0

Using KOMA scrbook class, is there a way to make a preliminary chapter that uses the reference order as cited in the rest of the document. The idea is that the main starts with reference [1] in citation order, and make a summary or commentary chapter before the main that cites some sources in the order of the main. How can this be achieved?

3
  • 1
    A solution here will depend on the bibliography/citation setup you are using. Please show us a small example document that shows what you have at the moment.
    – moewe
    Aug 8, 2022 at 16:20
  • Broadly speaking I can imagine that this is possible if we assume that in this special chapter you only cite works that are also cited elsewhere in your document. If there is a source you only cite in this special chapter, things are going to be much more difficult.
    – moewe
    Aug 8, 2022 at 16:21
  • @moewe That is the case. I will only cite, things that will be cited in the main matter.
    – Mauricio
    Aug 8, 2022 at 16:56

1 Answer 1

0

Assuming you use biblatex as the tag suggests, you can locally (e.g. within \begingroup...\endgroup) set the citerequest boolean to false, then biblatex will not write citation requests to the .bcf file, which means the relevant citations do not influence the ordering. This approach assumes that all entries you cite while citerequest is false are cited in another part of the document where the citerequest is not turned off.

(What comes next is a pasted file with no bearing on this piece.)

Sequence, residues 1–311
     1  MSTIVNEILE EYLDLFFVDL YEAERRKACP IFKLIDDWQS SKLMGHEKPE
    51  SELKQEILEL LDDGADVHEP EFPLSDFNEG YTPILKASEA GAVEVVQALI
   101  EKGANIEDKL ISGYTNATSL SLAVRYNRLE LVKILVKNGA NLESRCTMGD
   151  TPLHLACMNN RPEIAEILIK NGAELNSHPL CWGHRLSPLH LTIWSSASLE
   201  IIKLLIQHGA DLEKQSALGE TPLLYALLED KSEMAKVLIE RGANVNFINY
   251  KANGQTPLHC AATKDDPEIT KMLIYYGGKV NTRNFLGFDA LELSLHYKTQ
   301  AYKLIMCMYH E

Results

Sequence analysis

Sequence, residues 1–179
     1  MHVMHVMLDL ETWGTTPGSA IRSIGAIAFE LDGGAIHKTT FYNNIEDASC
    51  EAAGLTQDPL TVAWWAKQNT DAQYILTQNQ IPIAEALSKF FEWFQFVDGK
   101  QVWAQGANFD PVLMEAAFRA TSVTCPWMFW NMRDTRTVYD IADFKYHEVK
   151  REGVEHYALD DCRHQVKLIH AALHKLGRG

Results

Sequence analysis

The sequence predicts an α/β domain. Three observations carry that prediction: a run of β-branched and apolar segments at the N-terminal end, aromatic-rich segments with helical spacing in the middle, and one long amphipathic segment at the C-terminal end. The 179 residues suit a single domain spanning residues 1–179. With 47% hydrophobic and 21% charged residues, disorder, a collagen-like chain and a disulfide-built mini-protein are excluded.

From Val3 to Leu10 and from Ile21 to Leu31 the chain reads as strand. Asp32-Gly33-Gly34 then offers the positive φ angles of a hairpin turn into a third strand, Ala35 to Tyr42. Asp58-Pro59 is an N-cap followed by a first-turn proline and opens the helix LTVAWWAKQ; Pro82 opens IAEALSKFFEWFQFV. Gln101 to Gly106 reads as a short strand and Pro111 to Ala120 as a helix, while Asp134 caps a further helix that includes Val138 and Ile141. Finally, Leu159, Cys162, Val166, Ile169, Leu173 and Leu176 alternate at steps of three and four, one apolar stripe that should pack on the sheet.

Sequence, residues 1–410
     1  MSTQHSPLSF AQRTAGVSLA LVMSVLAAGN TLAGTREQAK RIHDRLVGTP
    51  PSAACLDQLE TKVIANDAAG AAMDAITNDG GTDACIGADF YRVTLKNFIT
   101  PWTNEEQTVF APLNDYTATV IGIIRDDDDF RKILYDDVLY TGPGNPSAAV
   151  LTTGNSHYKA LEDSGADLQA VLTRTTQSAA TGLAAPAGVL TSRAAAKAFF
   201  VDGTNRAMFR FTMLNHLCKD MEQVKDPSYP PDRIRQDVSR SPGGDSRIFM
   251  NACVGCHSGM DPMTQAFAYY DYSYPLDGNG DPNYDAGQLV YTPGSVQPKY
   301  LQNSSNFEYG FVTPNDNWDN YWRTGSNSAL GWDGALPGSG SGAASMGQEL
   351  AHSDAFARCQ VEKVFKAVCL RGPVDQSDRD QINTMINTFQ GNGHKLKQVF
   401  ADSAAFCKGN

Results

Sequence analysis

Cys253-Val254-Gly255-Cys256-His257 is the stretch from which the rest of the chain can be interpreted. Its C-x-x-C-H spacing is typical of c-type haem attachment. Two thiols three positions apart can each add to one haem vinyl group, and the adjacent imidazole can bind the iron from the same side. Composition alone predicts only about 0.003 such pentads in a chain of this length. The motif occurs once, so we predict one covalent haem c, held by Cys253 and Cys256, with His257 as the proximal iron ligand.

\documentclass[british]{article}
\usepackage[T1]{fontenc}
\usepackage{babel}
\usepackage{csquotes}

\usepackage[backend=biber, style=numeric, sorting=none]{biblatex}

\addbibresource{biblatex-examples.bib}

\begin{document}
\section*{Special Section}
\begingroup
\boolfalse{citerequest}
Lorem \autocite{worman}
ipsum \autocite{sigfridsson}
\endgroup

\section{Normal Section}
Lorem \autocite{sigfridsson}
ipsum \autocite{worman}
dolor \autocite{nussbaum}

\printbibliography
\end{document}

Special Section
Lorem [2] ipsum [1]
1 Normal Section
Lorem [1] ipsum [2] dolor [3]

3
  • See also tex.stackexchange.com/q/639970/35864.
    – moewe
    Aug 8, 2022 at 18:24
  • That seems to work thanks. One question why do you use \autocite and not \cite?
    – Mauricio
    Aug 9, 2022 at 10:22
  • 1
    @Mauricio \autocite is a higher-level command whose exact behaviour can be controlled with the autocite package option. That command makes it easier to switch citation "styles" with one single setting.
    – moewe
    Aug 9, 2022 at 16:04

Not the answer you're looking for? Browse other questions tagged .